Too Cool

I had a meeting with a company I do quite a bit of work for lately, lets just say they buy and sell used machine parts. I've built them online applications that allows vendors from all over the country to sell them parts. Today I was able to tour their warehouse where they're receiving these parts and sorting them for re-sale or scrap. These parts are all invoiced online and marked with UPC tags generated and printed from the application I built for them. At the moment, they're still typing the codes into a computer to log them, but they're planning to be able to do this with scanning guns before long. It's amazing to see the reality of the whole system actually working, to see my tags on the parts in these orders. Very cool.

What I Learned on my Summer Vacation

Taking a vacation with your kids is not at all relaxing. It's a great deal of work, and while it can be fun, it most assuredly will not be fun the entire time and will absolutely cause you to question what drove you to subject yourself to the ordeal that is traveling with children in the first place.

It seems to me that vacationing with your kids is much like many sexual fantasies - somehow it's not as much fun as you thought it was going to be.(ie. In the movies when they have sex on the beach, how come the sand never seems to get into those places sand should never be? And how does one have sex in the shower without worrying either that it's not clean enough or you're getting bleach rubbed vigorously into your skin? Not to mention the concern of getting seriously hurt trying to balance on a slippery surface.) At the end of three hours in the car with my children, the only thing I'm ready for is to take a flying leap off a cliff. They had their Leapsters, coloring books and crayons, toys, but all they did was fight over everything and throw their toys at each other. I do have a traveling DVD player I bought for long trips, but the darn thing is finicky as all hell and never seems to work when I put it in the car. In the house it works fine, put in the car, it won't play. Just another thing about traveling that's a pain in the ass.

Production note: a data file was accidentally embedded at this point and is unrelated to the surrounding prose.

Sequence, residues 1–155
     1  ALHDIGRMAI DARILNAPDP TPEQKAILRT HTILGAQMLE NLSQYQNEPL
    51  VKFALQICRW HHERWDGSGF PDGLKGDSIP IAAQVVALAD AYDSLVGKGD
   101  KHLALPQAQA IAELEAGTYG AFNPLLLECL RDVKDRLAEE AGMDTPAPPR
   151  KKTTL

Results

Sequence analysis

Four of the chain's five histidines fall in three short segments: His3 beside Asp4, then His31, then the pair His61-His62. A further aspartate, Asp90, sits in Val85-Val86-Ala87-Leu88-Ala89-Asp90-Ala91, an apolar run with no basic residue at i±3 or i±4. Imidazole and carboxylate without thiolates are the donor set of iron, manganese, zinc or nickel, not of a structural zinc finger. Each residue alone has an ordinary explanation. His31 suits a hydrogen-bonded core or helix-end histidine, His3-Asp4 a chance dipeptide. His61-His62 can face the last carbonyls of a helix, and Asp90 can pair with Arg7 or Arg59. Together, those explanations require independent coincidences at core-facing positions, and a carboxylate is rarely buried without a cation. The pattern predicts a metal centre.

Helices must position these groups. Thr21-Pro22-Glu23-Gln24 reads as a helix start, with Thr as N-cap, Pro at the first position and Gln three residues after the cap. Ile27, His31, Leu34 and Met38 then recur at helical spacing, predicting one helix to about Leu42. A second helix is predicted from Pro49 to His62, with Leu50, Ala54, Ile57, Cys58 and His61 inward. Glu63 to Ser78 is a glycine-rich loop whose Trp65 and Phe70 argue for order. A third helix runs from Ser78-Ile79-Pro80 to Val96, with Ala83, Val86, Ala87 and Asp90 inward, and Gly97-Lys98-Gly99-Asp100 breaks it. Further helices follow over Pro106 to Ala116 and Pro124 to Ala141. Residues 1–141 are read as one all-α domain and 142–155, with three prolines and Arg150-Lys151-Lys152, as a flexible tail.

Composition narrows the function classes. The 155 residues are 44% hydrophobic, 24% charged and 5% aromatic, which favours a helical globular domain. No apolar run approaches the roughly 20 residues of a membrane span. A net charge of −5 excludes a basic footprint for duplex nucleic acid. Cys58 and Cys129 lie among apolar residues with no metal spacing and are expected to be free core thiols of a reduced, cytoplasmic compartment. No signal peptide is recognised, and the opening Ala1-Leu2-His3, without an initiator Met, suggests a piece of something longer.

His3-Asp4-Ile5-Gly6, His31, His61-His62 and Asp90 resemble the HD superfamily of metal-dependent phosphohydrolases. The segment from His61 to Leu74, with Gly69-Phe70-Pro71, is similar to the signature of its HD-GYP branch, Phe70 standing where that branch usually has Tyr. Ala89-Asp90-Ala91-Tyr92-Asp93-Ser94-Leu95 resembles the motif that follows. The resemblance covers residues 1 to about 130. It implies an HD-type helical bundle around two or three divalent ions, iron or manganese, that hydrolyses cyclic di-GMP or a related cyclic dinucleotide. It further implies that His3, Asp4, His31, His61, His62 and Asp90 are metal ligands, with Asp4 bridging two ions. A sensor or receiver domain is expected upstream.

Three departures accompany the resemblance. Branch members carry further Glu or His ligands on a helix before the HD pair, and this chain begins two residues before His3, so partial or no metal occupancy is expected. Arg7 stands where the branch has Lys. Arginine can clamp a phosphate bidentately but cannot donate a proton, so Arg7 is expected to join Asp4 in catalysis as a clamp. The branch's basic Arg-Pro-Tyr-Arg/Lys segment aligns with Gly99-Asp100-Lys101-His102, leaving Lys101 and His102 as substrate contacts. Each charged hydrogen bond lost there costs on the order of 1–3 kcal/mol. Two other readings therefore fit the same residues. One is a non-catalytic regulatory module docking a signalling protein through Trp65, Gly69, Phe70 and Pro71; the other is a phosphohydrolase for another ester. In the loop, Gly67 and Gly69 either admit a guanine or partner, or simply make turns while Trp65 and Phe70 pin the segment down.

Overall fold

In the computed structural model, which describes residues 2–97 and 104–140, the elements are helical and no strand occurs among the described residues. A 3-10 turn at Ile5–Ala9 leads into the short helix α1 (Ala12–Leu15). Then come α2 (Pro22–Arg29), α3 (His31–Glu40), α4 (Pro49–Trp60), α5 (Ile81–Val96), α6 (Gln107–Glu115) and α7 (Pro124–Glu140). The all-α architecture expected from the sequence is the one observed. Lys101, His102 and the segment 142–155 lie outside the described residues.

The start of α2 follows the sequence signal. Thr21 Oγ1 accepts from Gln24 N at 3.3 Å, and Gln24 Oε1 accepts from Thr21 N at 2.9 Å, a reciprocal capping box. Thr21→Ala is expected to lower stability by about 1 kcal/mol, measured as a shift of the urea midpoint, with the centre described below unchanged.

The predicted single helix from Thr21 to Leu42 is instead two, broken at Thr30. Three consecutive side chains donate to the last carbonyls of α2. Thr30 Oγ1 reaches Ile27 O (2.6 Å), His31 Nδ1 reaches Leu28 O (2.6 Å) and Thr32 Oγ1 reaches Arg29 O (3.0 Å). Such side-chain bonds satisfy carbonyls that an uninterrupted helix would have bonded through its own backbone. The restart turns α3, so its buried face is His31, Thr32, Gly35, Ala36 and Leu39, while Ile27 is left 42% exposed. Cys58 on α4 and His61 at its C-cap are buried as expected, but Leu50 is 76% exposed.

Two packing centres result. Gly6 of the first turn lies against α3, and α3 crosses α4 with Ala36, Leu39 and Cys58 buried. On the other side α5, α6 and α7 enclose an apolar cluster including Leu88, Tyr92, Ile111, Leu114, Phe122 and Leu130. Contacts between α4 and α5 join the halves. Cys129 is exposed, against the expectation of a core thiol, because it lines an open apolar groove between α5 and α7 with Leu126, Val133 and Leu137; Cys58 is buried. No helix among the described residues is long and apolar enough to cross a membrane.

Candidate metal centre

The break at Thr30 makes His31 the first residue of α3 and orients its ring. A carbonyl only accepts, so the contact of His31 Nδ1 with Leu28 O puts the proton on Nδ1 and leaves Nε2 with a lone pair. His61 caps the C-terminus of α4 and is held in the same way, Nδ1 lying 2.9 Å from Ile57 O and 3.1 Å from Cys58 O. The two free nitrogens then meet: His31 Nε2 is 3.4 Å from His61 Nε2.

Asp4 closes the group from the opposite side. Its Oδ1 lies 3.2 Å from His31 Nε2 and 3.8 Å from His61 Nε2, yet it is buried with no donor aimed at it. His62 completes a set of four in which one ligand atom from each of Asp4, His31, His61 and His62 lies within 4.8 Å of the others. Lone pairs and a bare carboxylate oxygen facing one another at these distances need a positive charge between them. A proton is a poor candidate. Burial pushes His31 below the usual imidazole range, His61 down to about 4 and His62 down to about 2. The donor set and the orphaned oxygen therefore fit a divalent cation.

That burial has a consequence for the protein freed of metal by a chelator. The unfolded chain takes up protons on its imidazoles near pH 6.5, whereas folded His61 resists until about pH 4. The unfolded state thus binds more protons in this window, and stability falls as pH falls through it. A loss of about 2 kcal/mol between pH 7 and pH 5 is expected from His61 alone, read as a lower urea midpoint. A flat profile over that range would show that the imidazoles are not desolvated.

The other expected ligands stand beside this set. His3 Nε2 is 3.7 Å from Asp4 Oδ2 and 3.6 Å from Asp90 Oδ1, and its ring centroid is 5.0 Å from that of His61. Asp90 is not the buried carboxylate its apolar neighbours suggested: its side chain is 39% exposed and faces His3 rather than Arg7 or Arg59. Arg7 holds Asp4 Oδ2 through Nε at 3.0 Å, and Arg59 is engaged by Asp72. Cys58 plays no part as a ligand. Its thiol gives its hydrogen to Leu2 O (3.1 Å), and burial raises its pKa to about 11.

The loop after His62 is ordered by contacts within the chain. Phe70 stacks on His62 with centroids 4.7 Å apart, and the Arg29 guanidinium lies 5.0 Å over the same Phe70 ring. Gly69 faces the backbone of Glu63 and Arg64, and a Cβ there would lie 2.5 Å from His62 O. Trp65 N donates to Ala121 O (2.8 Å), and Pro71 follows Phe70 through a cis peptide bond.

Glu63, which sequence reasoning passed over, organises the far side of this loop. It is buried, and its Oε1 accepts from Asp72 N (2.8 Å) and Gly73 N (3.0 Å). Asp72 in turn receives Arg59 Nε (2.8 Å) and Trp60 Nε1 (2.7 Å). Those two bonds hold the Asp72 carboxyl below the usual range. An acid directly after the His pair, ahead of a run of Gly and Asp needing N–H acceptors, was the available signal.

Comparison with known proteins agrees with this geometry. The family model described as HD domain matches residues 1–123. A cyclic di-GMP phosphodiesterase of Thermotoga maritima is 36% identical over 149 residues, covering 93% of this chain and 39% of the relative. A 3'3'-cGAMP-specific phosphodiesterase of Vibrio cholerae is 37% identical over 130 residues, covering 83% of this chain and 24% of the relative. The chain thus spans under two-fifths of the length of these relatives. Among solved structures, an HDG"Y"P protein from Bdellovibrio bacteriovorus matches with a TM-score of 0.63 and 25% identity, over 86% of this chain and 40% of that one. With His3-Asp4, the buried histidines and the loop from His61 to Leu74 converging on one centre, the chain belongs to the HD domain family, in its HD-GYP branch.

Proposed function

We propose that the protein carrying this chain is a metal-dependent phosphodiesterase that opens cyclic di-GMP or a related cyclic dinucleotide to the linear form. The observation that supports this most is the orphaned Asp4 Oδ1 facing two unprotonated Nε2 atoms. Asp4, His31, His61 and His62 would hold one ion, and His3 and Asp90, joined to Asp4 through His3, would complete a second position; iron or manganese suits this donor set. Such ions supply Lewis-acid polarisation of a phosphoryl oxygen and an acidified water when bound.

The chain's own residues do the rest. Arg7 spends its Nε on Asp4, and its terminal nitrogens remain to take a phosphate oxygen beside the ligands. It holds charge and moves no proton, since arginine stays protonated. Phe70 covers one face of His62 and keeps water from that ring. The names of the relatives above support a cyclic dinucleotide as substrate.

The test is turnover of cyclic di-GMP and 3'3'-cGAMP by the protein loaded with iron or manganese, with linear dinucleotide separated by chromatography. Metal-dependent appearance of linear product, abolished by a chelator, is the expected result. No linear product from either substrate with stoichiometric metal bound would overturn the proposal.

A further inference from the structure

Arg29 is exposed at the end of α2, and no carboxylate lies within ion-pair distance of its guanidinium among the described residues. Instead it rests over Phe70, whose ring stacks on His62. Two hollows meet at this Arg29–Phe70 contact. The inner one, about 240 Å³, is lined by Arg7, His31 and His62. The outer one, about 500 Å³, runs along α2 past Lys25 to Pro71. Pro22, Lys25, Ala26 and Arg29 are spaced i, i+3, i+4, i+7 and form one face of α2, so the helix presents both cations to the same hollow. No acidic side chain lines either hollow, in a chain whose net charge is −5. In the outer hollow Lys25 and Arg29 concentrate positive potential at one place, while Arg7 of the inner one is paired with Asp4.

My kids did enjoy Storyland, but I don't think I'd go back, and Blackstone has already informed me that he WILL NOT go back, so there you go. The boys have been and they're done . . . period. I'm not shedding any tears. LT's still too short to go on most of the rides there by himself. Since Blackstone gets motion sickness, that leaves me standing in line with the kids and whirling around in circles all day. It doesn't make me sick, but damn have I had enough at the end of the day. I've also realized it's a good idea to go to ANY AND ALL theme parks in a bathing suit. I knew to go to Sesame Place in one, but I wish I'd done the same with Storyland. The rafting ride in particular will soak you. I let Blackstone handle that one while I tried to get my head to stop spinning. Also a good idea to stick to water shoes or sandals, and under no circumstances should you attempt to walk around barefoot. Blackstone singed the soles of his feet at Sesame Place.